Wednesday, December 4, 2013

Wednesday Homily - 4 December 2013, Memorial of St. John of Damascus

Today I felt called to preach about St. John of Damascus and the issue of Iconoclasm, as well as its modern variations (today's readings).

Most joyful Advent to you!  Today is the memorial of St. John of Damascus, who was a priest in Damascus and a monk near Jerusalem for the last 40 or so years of his life.*  He died about 760.  He is most remembered for his development of the theology of the Incarnation, against Iconoclasm.  Iconoclasm was a movement in the Greek Church in the 8th and 9th centuries, which took too literally the prohibition against images in the Old Testament.  They literally "broke the icons," removing and destroying images from churches - icons, statues, crucifixes, and so on.

St. John recognized that this movement had some serious theological difficulties.  He exposed these difficulties in relation to the Incarnation.  He showed that, since Christ's human nature was real, and was the same as ours - "alike in all things but sin" - it was possible to depict the human nature in religious art.  In other words, we not only can but should use the things God has given us to worship Him, from wood and stone up to Christ's own humanity.  His deep arguments convinced people, and eventually overcame Iconoclasm.  So it's in large part thanks to St. John of Damascus that our beautiful Cathedral here is full of such inspiring windows and statues.

But we should not think that Iconoclasm was only a problem in the Church a thousand years ago.  It has continually popped up in history.  For example, it surfaced again in the Reformation, especially in the denominations influenced by John Calvin, which even now tend to have little or no religious art [and for the same reason, a very shallow understanding of the sacraments - not said but relevant].  It's also one of the sources of our culture's willingness to disregard some people's full humanity.  The Culture of Death is a form of iconoclasm, and the homosexual lobby is influenced in a similar way. 
As Catholics, our responses to these issues are still informed by the work of St. John of Damascus.  We can oppose these issues, too, by arguing from the Incarnation.  Because we believe that Christ's human nature really is the same as ours - again, "alike in all things but sin" - we cannot accept as "just" that any person be denied the full protection of their humanity.  Because we believe in the Incarnation, we will never find anything good in abortion or euthanasia or embryonic stem-cell research.  These evils cannot go together with our Catholic faith, logically or theologically.  In the same way, because we believe in the Incarnation, we cannot accept the various arguments that it does not matter how we use our bodies.  It has to matter, if our bodies are related to Christ's body, and to our salvation.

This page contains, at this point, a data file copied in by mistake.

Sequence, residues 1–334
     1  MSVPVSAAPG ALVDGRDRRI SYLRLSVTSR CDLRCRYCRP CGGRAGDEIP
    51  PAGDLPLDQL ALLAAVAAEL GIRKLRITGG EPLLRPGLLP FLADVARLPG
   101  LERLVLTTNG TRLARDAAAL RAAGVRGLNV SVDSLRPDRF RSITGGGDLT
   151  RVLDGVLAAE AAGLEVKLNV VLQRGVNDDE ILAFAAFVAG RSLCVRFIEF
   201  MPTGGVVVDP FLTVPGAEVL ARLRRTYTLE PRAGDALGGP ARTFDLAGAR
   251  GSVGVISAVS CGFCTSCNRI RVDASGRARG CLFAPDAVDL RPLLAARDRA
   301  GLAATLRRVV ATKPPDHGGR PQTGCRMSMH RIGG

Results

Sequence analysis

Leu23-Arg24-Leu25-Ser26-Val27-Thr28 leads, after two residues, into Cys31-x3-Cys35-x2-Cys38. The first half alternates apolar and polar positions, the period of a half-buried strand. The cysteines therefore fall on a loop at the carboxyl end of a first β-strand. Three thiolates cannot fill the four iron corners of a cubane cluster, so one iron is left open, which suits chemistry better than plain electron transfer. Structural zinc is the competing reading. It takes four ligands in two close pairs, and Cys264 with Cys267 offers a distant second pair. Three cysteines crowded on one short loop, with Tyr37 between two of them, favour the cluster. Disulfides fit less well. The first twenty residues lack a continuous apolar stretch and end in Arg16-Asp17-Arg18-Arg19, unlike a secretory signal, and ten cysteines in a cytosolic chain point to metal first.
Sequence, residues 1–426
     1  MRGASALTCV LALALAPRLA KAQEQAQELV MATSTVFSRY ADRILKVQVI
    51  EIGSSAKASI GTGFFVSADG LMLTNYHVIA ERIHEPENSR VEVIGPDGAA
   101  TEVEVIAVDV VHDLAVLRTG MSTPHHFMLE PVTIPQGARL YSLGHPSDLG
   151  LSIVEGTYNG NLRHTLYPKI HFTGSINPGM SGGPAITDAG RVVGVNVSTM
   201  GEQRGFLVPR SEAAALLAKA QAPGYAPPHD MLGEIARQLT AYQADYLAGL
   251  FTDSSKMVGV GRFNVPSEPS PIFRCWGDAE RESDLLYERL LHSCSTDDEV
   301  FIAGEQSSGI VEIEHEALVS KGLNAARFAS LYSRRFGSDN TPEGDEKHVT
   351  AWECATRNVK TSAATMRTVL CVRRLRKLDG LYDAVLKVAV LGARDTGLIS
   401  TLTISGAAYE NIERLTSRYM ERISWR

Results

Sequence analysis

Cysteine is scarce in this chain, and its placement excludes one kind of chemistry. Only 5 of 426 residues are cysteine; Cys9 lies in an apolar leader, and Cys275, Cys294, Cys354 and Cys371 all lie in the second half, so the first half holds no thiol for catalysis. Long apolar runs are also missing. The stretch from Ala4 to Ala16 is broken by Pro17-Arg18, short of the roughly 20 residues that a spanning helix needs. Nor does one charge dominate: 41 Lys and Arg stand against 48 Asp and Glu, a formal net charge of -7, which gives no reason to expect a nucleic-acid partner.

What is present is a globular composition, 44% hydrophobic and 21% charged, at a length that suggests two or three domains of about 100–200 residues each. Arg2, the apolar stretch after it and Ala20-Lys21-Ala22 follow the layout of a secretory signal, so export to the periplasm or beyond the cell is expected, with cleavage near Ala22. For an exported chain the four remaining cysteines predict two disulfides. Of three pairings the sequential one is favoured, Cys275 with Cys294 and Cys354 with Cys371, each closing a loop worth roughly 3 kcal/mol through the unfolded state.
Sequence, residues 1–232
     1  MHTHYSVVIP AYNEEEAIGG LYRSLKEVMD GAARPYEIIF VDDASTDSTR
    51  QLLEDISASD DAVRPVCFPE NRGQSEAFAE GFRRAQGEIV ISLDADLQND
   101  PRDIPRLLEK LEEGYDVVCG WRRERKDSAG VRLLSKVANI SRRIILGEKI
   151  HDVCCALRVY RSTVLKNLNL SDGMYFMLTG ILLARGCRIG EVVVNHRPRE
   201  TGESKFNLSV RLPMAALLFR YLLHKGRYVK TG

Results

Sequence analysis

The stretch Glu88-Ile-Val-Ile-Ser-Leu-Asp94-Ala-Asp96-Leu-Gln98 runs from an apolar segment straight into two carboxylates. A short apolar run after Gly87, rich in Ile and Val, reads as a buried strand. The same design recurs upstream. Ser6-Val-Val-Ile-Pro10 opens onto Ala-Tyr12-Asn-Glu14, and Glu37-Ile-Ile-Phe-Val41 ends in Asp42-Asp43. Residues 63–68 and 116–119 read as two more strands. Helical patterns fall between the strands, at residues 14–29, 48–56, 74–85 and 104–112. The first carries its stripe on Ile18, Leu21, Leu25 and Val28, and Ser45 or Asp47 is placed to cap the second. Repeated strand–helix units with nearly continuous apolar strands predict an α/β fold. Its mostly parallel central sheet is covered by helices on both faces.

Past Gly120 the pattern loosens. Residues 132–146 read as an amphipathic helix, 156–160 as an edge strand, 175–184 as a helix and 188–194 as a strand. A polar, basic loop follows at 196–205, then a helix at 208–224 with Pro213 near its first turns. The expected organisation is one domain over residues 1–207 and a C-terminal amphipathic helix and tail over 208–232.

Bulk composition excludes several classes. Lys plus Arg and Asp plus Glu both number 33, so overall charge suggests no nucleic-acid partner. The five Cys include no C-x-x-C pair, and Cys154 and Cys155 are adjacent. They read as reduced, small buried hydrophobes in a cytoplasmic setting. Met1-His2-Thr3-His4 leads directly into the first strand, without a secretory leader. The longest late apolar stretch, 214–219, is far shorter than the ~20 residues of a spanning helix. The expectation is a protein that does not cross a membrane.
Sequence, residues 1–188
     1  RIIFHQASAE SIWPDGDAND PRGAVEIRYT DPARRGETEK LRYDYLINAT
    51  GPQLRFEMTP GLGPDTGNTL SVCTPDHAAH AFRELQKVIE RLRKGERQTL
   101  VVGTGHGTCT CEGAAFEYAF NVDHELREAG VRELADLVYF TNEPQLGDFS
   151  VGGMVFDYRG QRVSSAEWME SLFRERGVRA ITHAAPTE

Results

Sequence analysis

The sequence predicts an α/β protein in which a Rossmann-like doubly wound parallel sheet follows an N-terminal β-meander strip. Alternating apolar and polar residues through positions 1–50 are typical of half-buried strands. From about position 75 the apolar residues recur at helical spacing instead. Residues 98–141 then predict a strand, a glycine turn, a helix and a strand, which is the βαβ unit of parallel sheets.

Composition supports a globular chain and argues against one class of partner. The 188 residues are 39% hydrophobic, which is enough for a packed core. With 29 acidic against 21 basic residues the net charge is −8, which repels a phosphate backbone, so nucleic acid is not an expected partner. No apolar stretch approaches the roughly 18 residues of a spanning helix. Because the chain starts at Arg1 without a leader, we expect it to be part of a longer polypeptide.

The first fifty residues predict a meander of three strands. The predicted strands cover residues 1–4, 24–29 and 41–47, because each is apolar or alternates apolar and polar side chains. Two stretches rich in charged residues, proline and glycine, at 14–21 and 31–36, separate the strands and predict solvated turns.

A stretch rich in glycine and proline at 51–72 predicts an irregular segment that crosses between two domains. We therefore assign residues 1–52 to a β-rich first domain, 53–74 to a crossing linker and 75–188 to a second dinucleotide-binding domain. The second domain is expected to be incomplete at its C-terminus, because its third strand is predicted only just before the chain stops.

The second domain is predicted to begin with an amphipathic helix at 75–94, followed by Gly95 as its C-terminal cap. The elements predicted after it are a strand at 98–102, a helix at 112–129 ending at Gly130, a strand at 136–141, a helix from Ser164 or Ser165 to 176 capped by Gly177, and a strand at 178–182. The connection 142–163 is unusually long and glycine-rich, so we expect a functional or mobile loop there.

As we continue with this Holy Mass and into this season of Advent, there are two things we can do.  First, we can deepen our faith, as we are always called to do, using the ways the Church offers us: for example, studying and praying with the Scriptures, reading the Catechism, listening to Catholic radio and reading the Fathers, all so readily available to us in this digital age.  The more we know our faith, the closer we can be to Jesus Christ, and the more open to all of His gifts of grace and mercy.  This is how we learn to love both God and neighbor, just as Pope Francis is constantly calling us to do.

Second, we can imitate St. John of Damascus in his witness and charity.  We can show the world the quality of our love and faith by how we live.  What we say and what we do each day conveys to everyone around us what we really value.  Let us display the grace and mercy of Christ we have received, especially in what we are willing to tolerate - namely, the human weaknesses of our brothers and sisters, which is always redeemable - and in what we refuse to accept and condone - namely, the evils that are contrary to our faith.  We can always make the distinction for our neighbor between weakness and evil, and be merciful without being indifferent, just as we pray God always is with us.

By growing in our faith and by the witness of our lives, we receive and share the coming salvation of our Lord Jesus Christ.

* Actually, I misspoke; he was a city counselor in Damascus, and left there about 730 to become a monk at St. Sabas's monastery near Jerusalem, and was ordained there.
** Icon from Russian Orthodox Cathedral of St. John the Baptist in Washington, DC: